After being canceled last year due to the pandemic, Goodwood Revival, the three-day festival that celebrates the golden age of motorsport, returned to the Goodwood Estate in West Sussex, England. This past weekend, decades-old automobiles burped and barked around the 2.4-mile racetrack, nestled roughly 60 miles south of London, as costumed spectators shopped, browsed auction offerings, noshed and, of course, cheered.
A period piece in motion, Goodwood Revival was created in 1998 by Charles Gordon-Lennox, known colloquially as the Earl of March, as an homage to his late grandfather Freddie. The latter first raced at his Goodwood estate in 1948, but stopped in 1966 when the ever-increasing speeds of the newest performance cars made competing an unsafe endeavor. Mr. Gordon-Lennox brought racing back to the estate, but regulated it to solely vintage vehicles. Thus, the namesake fete was born.
Each year, a number of former and current professional racers participate. Making his Goodwood debut, 2009 Formula 1 World Champion Jensen Button, and his longtime friend Alex Buncombe, began Friday’s sessions in a Jaguar E-Type. The duo switched to a Cobra for the Royal Automobile Club TT Celebration race on Sunday, and Button contributed to the most exciting contest of the weekend with a hiccup: he went from front row to ninth place after shifting directly from first to fourth gear. In addition, former World Sports–Prototype Champion Martin Brundle and racing legend Sir Jackie Stewart drove down memory lane in a touching Friday evening tribute to Sir Stirling Moss, who passed away in April of 2020.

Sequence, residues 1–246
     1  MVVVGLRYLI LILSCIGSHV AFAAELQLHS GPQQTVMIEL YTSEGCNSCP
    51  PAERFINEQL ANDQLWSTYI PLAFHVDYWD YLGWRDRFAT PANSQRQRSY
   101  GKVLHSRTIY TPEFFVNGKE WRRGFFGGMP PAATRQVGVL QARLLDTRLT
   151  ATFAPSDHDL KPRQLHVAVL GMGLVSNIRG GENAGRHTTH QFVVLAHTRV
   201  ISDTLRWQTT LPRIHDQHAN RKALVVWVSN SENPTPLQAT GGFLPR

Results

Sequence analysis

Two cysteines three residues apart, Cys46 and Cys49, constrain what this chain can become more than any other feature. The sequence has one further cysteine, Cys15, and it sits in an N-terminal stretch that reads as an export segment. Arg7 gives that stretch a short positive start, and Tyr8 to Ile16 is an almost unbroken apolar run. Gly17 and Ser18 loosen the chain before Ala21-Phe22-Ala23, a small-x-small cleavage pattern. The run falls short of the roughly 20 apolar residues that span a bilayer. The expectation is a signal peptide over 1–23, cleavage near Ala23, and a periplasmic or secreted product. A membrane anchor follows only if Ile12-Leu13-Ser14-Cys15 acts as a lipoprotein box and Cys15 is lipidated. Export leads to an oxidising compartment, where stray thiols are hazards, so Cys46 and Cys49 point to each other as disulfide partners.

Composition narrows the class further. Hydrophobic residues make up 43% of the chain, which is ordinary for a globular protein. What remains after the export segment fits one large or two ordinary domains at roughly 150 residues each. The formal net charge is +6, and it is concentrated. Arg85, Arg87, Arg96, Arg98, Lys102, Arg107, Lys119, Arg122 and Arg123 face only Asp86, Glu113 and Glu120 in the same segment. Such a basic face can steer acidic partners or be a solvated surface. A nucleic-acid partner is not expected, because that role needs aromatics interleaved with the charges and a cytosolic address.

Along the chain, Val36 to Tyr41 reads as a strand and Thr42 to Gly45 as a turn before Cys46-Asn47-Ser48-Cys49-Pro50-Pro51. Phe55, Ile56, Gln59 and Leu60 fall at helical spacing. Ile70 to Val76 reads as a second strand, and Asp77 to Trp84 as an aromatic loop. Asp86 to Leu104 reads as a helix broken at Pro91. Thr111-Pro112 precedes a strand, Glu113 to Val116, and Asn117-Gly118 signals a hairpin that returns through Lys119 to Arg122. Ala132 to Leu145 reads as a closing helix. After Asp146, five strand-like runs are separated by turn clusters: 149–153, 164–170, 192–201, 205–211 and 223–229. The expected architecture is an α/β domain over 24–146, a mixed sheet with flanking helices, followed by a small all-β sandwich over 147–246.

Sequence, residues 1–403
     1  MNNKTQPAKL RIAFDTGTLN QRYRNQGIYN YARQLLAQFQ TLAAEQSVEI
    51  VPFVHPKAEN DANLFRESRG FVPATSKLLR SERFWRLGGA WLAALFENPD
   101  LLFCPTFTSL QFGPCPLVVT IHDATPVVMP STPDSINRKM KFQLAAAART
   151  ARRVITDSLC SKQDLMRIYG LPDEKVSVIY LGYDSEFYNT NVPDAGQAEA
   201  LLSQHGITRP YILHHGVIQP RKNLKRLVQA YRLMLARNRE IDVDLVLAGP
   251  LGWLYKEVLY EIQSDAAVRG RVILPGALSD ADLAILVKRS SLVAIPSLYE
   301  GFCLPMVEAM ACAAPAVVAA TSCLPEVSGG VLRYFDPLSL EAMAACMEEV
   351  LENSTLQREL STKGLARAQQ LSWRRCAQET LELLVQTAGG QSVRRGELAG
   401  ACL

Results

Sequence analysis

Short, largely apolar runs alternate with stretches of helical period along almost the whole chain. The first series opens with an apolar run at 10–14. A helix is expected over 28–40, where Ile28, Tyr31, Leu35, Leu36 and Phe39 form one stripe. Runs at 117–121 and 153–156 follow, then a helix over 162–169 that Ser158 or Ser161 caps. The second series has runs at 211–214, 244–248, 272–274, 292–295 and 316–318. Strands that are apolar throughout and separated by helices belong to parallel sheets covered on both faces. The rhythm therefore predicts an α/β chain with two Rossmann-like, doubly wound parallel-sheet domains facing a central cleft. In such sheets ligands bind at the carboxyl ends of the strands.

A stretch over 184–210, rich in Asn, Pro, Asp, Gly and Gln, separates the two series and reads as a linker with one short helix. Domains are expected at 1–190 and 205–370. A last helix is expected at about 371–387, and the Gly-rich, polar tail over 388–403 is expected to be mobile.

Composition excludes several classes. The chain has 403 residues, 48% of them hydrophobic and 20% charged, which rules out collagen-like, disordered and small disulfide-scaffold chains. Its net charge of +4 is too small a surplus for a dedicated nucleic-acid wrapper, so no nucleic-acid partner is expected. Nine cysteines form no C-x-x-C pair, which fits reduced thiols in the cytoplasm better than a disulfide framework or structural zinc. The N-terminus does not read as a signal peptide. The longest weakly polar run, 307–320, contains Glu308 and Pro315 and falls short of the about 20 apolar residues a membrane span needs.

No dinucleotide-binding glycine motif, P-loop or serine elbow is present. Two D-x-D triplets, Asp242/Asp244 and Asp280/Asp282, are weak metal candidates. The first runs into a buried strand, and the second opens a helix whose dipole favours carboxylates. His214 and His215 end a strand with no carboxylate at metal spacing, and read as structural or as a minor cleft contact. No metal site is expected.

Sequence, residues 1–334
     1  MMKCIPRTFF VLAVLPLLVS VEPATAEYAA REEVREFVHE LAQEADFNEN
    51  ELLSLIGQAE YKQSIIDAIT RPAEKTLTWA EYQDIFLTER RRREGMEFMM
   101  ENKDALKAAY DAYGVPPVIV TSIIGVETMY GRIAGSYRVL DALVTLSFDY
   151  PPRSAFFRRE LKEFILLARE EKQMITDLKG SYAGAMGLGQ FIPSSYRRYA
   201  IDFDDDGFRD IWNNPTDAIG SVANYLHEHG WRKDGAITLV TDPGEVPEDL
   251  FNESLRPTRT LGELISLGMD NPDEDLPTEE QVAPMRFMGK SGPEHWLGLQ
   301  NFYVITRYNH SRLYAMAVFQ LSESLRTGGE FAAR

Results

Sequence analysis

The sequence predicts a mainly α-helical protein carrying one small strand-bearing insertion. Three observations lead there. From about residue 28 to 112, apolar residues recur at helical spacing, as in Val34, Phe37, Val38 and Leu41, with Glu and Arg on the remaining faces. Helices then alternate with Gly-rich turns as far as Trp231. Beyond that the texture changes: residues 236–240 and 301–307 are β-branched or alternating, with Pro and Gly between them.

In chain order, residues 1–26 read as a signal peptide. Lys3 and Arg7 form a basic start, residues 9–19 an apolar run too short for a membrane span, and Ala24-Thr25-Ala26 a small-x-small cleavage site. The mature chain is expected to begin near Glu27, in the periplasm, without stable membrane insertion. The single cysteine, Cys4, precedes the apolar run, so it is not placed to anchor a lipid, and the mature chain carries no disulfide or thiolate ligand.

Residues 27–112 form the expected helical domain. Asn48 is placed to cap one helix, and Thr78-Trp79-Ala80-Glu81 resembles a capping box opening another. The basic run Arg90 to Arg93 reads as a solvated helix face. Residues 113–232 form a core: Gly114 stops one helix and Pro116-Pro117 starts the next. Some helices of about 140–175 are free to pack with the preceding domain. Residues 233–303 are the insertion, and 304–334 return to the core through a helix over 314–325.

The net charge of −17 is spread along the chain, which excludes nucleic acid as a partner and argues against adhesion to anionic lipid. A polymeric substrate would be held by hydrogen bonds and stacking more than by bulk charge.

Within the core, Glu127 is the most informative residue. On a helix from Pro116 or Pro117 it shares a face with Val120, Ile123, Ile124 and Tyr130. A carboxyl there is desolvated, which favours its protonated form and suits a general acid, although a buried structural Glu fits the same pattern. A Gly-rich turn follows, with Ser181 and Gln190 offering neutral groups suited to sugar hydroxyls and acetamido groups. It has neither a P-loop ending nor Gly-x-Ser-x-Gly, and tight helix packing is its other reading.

While some cars are raced, others are brought to the Bonhams Goodwood Revival auction, including a 1951 Renault 4CV Grand Luxe that participated in the Mille Miglia. Others are displayed purely for inspiration, like Lofty England’s 1967 E-type Series I 2+2—the only model to ever leave the Jaguar factory carrying a four-speed manual gearbox with overdrive.
Under an impressive, period-correct tent, Jaguar Land Rover Classic fittingly celebrated the 60th anniversary of the E-type with a host of development cars, including its Lightweight E-type Continuation and C-type Continuation. Spokesmen in three-piece tweed suits also discussed the Defender Works V8 Trophy and Jaguar’s latest limited-edition releases making up the E-type 60 Collection.
“Being part of Jaguar Land Rover, we have access to the most modern technology we use to develop new cars,” mentioned Alistair Sommerville, Jaguar Classic Sales & PR Manager. “We took all the notes and source material and created a very authentic vehicle that’s the best of old and new.”
Men in military uniforms, aviation suits or a healthy amount of houndstooth—not to mention mandatory cravats—and ladies sporting beehive hairdos and polka-dot dresses, wandered around the grassy grounds, often with a flute of Veuve Clicquot in hand. Some chose to peruse vintage-inspired clothing at Private White VC while others meandered around the carnival fairground that was replete with non-motorsport amusements. Still others eagerly explored the paddocks and pit lane, where mechanics in grease-stained coveralls and neckties perpetually tinkered.
Seeing as Goodwood doubled as an airfield of the Royal Air Force during the Battle of Britain, Spitfires were also for sale, priced at $4.1 million. Five of the iconic warbirds, in varying states of repair, sat on display. Matt Jones, a Spitfire pilot and the managing director of Boultbee Flight Academy, spent all weekend fielding questions and interest. “We’re offering the opportunity to buy flying Spitfires or be a part of the restoration, and, in three years’ time, get to see this plane here fly once again,” he noted.
Although it’s prudent to always come prepared for rain in the English countryside, the annual event received only a smattering on Sunday morning. Enjoying the near perfect conditions, some 150 vintage cyclists took to the Goodwood Motor Circuit before the showers in a preview of the Eroica Britannia cycling festival, which will also be based at Goodwood in 2022.